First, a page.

Microalgae are promising source of biomass due to their advantageous features such as their phototropic nature, high growth rate, lack of competition with food crops for arable land, and abundant nutritious components, such as protein, pigments, and trace elements (Hamilton et al., 2014; Wang et al., 2015). Therefore, it has been used as feedstock, such as in food, feed, functional foods, biofuels, or chemicals integrated in novel biorefinery concepts (Zhu, 2015; Vandamme et al., 2018). Unlike terrestrial plants, the biologically active compounds extracted from microalgae have shown unique properties, such as antibacterial, antiviral, antifungal, antioxidative, anti-inflammatory, and anti-tumor properties (De Jesus Raposo, de Morais & de Morais, 2013; Guzmán et al., 2003; Hayashi et al., 1996; Kaji et al., 2004; Challouf et al., 2011; De Jesus Raposo, de Morais & de Morais, 2015). From economical point of view, polysaccharides from algae are promising products due to their abundance in algae (Kraan, 2012). Polysaccharides can be extracted from algae by several “green” extraction techniques, such as microwave-assisted extraction (Rodriguez-Jasso et al., 2011) and enzyme-assisted extraction methods (Ko et al., 2012). The characteristics of different polysaccharides from microalgae, including their composition and structure, were discussed (De Jesus Raposo, de Morais & de Morais, 2013). It was reported that G. impudicum and C. vulgaris contained homo galactose (Yim et al., 2007) and glucose (Nomoto et al., 1983), respectively. However, the other polysaccharides from microalgae are heteropolymers of galactose, xylose, glucose, rhamnose, fucose, and fructose (Matsui et al., 2003; Talyshinsky, Souprun & Huleihel, 2002; Raposo, Morais & Morais, 2014). Ford & Percival (1965) found that the structure of the polysaccharides from Phaeodactylum tricornutum was a ramified sulfated flucoronomannan, with a backbone composed of β-(1,3)-linked mannose. Many studies have shown that the polysaccharides from microalgae are characterized by antibacterial, antitumor, and antiviral properties (Michalak & Chojnacka, 2015).
As a kind of diatom, PTP has been found in great abundance in coastal and oceanic waters (Bautista-Chamizo et al., 2018). It contains approximately 36.4% crude protein, 26.1% carbohydrate, 18.0% lipid, 15.9% ash, and 0.25% neutral detergent fiber on a dry weight (dw) basis (Rebolloso-Fuentes et al., 2001). In addition, it can accumulate valuable pigments such as fucoxanthin, triacylglycerols, and omega-3 long-chain polyunsaturated fatty acids, such as eicosapentaenoic acid (EPA; C20:5) (Kim et al., 2012; Ryckebosch et al., 2012; Yu et al., 2009; McClure et al., 2018). Currently, it is commercialized for its lipids, especially EPA, and several studies have sought to increase the production yield of EPA and biomass (Grima et al., 1994; Alías et al., 2004; McClure et al., 2018). In recent years, due to its many therapeutic activities, fucoxanthin has been commercialized from PTP. However, there is little research about the polysaccharides extracted from PTP. Therefore, to make full use of the alga, in this paper, we extracted polysaccharides from PTP, characterized its chemical structure, and studied the anticancer activity of the polysaccharides.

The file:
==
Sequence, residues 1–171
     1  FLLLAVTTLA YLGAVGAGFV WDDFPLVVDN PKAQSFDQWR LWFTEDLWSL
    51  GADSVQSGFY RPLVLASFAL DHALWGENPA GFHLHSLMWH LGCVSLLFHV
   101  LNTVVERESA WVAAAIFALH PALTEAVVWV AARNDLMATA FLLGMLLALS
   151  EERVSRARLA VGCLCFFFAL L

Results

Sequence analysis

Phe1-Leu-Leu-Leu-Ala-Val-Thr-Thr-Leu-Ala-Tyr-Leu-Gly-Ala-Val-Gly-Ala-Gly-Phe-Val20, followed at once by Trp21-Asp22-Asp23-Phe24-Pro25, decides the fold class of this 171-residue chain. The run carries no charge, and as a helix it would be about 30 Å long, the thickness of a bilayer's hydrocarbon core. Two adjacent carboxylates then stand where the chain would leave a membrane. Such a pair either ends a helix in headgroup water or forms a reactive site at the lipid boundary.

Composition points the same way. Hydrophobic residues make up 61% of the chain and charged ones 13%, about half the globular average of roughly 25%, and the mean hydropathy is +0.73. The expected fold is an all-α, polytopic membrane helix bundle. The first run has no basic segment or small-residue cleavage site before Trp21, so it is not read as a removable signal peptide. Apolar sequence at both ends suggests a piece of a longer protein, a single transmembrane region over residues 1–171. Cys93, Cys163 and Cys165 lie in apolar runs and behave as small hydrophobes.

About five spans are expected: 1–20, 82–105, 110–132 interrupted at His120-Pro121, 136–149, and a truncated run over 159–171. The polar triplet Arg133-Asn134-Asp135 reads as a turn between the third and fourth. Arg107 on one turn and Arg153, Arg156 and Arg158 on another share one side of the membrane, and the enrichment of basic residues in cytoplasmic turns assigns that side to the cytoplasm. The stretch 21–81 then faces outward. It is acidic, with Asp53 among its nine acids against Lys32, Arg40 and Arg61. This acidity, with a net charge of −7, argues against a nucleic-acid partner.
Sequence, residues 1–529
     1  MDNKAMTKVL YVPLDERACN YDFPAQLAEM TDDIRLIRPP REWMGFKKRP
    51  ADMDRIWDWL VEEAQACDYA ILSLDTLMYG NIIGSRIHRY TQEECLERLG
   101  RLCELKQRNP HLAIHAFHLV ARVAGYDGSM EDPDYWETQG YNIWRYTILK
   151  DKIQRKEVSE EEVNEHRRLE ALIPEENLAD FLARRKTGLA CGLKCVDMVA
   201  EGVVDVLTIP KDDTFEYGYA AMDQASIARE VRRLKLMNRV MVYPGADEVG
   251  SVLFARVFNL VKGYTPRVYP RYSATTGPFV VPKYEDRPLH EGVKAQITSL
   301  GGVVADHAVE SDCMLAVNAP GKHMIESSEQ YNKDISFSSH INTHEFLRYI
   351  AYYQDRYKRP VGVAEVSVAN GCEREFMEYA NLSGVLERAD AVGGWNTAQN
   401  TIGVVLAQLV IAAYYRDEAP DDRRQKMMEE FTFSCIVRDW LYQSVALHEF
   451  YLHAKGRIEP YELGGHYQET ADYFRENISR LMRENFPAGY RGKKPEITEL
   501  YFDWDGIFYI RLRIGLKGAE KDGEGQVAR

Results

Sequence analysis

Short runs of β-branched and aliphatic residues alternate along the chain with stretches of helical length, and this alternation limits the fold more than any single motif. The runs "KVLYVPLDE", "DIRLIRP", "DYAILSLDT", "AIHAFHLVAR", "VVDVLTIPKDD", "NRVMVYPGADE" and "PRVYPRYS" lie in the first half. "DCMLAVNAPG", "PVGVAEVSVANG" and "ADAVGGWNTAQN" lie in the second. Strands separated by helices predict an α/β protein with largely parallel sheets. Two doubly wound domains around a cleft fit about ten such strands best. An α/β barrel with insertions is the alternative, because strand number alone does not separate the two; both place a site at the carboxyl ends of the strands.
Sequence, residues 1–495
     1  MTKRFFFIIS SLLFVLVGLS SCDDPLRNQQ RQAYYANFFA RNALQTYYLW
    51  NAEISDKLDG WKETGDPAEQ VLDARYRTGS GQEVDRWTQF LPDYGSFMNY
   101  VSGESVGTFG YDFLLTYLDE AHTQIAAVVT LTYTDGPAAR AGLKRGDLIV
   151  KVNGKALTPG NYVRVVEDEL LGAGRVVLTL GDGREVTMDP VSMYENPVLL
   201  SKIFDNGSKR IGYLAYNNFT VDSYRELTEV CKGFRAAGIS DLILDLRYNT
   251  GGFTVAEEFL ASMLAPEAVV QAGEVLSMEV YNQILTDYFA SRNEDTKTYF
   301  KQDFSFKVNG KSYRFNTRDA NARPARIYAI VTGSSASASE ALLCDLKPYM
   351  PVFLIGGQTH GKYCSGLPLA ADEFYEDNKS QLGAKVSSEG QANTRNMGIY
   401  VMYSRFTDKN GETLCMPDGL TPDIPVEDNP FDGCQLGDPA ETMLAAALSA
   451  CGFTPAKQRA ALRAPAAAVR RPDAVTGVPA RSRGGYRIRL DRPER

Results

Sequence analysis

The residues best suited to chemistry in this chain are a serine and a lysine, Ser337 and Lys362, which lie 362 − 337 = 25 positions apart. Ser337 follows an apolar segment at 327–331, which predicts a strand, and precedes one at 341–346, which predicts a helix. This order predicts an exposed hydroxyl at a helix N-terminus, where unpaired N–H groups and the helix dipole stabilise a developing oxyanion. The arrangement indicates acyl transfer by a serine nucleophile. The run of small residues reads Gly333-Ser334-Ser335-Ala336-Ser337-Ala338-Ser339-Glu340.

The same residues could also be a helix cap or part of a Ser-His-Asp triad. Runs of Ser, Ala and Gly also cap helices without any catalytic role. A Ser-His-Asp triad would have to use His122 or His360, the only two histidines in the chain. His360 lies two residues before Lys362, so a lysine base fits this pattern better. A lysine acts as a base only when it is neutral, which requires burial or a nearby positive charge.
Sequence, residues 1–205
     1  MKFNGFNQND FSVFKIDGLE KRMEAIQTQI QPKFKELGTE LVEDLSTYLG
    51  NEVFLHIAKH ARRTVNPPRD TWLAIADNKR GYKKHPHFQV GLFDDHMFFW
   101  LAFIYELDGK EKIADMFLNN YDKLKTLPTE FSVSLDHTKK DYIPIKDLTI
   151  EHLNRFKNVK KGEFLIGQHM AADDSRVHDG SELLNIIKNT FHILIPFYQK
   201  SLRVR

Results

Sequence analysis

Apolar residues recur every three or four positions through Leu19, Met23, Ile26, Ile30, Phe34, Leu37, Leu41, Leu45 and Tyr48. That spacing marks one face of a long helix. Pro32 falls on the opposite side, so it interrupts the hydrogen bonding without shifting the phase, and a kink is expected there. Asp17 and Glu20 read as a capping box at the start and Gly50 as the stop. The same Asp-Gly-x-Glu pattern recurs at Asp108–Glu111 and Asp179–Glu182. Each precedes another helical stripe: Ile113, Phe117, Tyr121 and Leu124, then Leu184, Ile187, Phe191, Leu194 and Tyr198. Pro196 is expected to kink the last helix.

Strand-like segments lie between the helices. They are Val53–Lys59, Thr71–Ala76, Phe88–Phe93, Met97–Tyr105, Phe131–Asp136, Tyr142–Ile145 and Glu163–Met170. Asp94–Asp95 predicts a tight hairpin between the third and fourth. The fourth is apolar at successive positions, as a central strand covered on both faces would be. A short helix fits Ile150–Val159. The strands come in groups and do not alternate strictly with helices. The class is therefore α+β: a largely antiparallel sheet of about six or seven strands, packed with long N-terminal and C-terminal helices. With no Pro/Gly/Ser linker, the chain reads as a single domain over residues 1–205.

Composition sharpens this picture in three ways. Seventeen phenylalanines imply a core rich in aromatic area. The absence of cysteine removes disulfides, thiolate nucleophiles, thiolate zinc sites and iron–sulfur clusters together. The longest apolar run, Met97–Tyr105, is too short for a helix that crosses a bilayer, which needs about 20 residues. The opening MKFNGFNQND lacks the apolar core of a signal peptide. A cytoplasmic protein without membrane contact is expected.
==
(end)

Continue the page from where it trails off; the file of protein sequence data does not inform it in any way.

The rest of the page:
Materials and methods
Phaeodactylum tricornutum samples and reagents
Dried PTP powder was supplied by the Institute of Oceanology, Chinese Academy of Sciences. All the reagents used were of analytical grade and commercially available unless otherwise stated.
Extraction of polysaccharides from Phaeodactylum tricornutum (PTP)
The extraction diagram was as Fig. 1.
The dried PTP powder was extracted by the Soxhlet method with ethanol to remove pigments and lipids. The residue was then dried in an oven at 50 °C, and polysaccharides were extracted by hot distilled water with the assistance of ultrasonic methods. The optimal temperature, times of ultrasonic treatment, and extraction time were determined (shown in Supplemental Information). According to the optimal conditions, the residue algal powder was treated by the ultrasonic method for 20 times, 10 s working, 10 s rest, and 380 W power. Then, it was extracted at 80 °C for 2 h with stirring. The solution produced by filtration was condensed by rotary evaporator and dialyzed for salt removal. The obtained solution was condensed again, and the final solution was freeze-dried to get the purified sulfated polysaccharides, called PTP.
The Mw of PTP was measured by HPLC with a TSK gel G4000PWxl column using 0.05 mol/L Na2SO4 as the mobile phase on an Agilent 1260 HPLC system equipped with a refractive index detector. The column temperature was 35 °C, and the flow rate of the mobile phase was 0.5 mL/min. Dextran standards with a Mw of 1, 5, 12, 50, 80, 270, and 670 KDa (Sigma, Mendota Heights, MN, USA) were used to calibrate the column.